The OECD CLIs are compiled and published on a monthly basis. The schedule of CLI updates can be found by clicking on this agenda.
CLI can be downloaded from the dataset "Composite Leading Indicators (MEI)" in OECD.Stat Extracts. In OECD.Stat Extracts you can modify the current data selection by using the top navigation bar to select specific "Subject", "Country" and "Time & Frequency". The data can be exported to Excel. For long time series we recommend using the text format. You may also consult the OECD.Stat Extracts' user guide.
The trend restoration of the CLI series is done by multiplying the raw CLI, which fluctuates around 100, by the trend of the reference series. The 12 month rate of change is calculated on the trend restoration CLI. The reference series used by the OECD is the GDP. The timeliness of the GDP is typically worse than those of CLI input series as GDP is only available on a quarterly basis. This means that when computing a CLI, if data for GDP is missing, its trend cannot be extracted from the raw GDP and so the trend restored CLI and the 12 month rate of change cannot be calculated (although the raw or the amplitude adjusted CLI is already calculated).
For further details on the methodology please refer to the OECD CLI methodology (pdf).
As it has been highlighted on the OECD website in November 2008, the OECD has modified the way of calculating its CLIs. At this stage, the 6-month rate of change series have been suppressed and replaced by 12 month rate of change series for direct comparability with year-on-year changes of the IIP. For further details, please refer to the document: "Upcoming changes to the OECD Composite Leading Indicators to be implemented in the December 2008 MEI" (pdf).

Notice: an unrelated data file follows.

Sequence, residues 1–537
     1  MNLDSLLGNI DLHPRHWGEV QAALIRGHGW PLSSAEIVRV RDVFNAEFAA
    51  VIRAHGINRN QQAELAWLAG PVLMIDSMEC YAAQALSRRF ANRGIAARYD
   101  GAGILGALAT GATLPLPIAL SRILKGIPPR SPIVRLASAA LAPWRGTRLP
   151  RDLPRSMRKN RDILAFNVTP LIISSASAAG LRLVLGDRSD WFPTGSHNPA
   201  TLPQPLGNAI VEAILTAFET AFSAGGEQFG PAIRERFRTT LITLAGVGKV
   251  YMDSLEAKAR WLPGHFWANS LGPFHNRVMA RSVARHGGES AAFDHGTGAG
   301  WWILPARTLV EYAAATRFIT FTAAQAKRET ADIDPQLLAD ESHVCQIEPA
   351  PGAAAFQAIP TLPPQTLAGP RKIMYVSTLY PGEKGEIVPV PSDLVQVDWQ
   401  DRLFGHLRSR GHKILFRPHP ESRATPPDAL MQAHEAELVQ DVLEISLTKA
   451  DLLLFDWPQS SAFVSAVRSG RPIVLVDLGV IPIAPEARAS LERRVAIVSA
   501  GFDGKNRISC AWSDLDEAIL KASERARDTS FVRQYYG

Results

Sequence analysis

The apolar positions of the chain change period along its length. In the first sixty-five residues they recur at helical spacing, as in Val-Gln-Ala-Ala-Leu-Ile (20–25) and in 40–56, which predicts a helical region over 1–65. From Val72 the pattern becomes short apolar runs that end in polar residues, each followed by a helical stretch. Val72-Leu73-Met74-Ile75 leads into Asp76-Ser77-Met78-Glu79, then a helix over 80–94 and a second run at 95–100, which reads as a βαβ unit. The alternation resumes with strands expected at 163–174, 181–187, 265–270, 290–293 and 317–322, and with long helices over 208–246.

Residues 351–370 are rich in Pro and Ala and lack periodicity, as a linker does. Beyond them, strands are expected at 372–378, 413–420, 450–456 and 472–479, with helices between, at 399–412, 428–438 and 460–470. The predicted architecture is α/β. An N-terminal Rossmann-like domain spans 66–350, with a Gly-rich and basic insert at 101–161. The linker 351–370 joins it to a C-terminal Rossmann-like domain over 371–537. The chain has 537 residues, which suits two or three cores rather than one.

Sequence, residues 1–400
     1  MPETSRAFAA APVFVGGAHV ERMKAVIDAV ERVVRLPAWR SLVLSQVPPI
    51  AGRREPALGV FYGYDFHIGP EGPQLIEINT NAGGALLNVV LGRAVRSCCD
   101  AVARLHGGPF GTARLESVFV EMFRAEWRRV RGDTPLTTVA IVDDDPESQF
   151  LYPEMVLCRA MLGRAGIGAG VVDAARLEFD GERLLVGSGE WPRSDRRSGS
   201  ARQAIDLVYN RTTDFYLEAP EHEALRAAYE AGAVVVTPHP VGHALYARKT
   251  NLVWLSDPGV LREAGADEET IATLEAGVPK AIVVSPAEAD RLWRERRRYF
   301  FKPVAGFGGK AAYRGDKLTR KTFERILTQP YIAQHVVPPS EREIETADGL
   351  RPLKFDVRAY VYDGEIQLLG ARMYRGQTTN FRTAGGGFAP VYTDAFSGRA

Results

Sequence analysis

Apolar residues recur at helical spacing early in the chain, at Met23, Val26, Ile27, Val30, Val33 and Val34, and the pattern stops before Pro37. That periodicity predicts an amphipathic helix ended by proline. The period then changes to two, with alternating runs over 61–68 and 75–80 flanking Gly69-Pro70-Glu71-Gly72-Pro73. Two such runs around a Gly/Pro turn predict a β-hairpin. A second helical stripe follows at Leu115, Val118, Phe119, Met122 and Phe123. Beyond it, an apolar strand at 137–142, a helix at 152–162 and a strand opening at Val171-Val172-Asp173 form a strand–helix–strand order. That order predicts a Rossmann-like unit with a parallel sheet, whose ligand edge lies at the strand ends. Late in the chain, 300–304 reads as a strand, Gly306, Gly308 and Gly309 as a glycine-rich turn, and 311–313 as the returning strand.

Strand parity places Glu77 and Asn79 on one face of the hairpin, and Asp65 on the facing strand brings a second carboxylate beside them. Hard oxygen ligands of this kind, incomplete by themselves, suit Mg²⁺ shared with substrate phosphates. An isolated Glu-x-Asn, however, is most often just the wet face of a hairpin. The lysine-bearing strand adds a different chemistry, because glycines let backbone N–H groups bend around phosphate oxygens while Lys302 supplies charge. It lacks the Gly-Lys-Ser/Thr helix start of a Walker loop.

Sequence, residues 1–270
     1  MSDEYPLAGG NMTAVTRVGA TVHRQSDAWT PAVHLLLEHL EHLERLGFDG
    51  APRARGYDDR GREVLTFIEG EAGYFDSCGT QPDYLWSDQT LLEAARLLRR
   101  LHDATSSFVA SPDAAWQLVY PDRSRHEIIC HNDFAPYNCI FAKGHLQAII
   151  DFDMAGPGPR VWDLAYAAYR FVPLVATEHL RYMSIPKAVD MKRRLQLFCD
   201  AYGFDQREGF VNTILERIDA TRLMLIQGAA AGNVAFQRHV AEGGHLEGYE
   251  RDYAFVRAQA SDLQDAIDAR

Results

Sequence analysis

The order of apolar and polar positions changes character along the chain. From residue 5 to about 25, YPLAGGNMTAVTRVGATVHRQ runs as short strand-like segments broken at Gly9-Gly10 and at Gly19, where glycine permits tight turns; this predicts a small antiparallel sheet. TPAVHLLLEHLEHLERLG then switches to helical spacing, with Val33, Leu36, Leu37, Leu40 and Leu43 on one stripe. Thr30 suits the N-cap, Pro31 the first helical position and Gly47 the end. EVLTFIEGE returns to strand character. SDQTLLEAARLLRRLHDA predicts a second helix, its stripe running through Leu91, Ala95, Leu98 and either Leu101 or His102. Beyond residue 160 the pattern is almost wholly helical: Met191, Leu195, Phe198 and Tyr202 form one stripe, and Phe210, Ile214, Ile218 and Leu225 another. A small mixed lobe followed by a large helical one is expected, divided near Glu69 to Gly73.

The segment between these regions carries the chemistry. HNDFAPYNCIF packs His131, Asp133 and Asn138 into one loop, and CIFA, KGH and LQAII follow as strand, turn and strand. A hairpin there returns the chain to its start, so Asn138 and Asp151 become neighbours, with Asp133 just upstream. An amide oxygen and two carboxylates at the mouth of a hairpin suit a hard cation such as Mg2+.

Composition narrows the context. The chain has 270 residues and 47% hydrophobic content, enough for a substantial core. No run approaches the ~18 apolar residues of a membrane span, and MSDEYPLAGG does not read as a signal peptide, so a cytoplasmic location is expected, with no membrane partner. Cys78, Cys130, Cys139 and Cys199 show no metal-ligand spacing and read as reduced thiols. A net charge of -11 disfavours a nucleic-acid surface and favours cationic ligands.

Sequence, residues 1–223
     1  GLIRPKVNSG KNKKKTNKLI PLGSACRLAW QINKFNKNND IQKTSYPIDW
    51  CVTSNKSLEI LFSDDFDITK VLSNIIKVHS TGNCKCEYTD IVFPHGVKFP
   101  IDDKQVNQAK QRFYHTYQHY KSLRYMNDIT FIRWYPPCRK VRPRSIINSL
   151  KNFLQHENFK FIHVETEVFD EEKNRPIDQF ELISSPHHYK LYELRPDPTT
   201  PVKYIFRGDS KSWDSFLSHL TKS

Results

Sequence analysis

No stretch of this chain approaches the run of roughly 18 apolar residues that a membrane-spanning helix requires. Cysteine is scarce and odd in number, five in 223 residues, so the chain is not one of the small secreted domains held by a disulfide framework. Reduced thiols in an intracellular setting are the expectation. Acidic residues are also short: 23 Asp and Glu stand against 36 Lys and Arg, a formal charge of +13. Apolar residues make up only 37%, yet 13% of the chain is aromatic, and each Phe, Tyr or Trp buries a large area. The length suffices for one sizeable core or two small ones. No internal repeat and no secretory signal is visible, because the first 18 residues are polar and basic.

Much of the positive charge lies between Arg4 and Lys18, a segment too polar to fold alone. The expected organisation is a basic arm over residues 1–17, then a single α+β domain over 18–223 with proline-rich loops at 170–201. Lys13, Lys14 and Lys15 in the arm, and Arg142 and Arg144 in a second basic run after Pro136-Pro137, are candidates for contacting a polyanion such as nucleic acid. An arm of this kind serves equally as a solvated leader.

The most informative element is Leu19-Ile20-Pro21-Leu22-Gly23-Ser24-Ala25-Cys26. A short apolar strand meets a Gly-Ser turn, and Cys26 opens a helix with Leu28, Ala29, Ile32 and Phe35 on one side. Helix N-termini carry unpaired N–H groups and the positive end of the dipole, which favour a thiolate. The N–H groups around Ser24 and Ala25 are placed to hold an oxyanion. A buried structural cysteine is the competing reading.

The components of the CLI are time series which exhibit leading relationship with the reference series (GDP) at turning points. The component series for each country are selected based on various criteria such as economic significance; cyclical behavior; data quality; timeliness and availability. To get the list of component series for each country click here.
Up to April 2012 the main reference series used in the OECD CLI system for the majority of countries was the Index of Industrial Production (IIP) covering all industry sectors excluding construction. Starting from April 2012 the OECD CLI system is using GDP as the reference series except for China.
For the chronology of turning points in the reference series for regional/zone aggregates and individual countries click here.
The detailed definition of a turning point can be found in the CLI glossary at www.oecd.org/std/cli/glossary.
10. How are the CLIs for zones calculated? What are the weights?
The zones are annually chain-linked Laspeyres indices where the country weights, for each individual link are the previous year’s gross domestic product based on Purchasing Power Parity (PPP) valuation of country GDP, in billions of current international dollar. Weights between 1955 and 1981 refer to the GDP PPP value in 1980. The country average values, are calculated as the average of the country’s indicator from the previous year. The linking point is February of each year. A zone aggregate is calculated if the overall weight of the available components is greater than 60%. Iceland is excluded from zone calculations since no CLI is published for this country.
The source of the weights data is the International Monetary Fund’s World Economic Outlook (WEO) database.
More detailed information is available in the CLI zone aggregation methodology document (pdf) and in the list of zones and their country composition on the OECD website. For weights for aggregating zone click here.
In the OECD CLI methodology, the default settings allow to remove cyclical components that have a cycle length longer than 120 month and those that have a cycle length shorter than 12 months. They are equivalent of setting λ = 133107.94 and λ = 13.93 respectively.
Going from frequencies to λ parameter is achieved by substituting into the formula:
λ=[4(1-cos(ω0))2]-1. Whereas ω0 is the frequency expressed in radians, and τ denotes the number of periods it takes to complete a full cycle. The two parameters are related through ω0=2π/τ. So the λ values above correspond to τ=120 months and τ=12 months.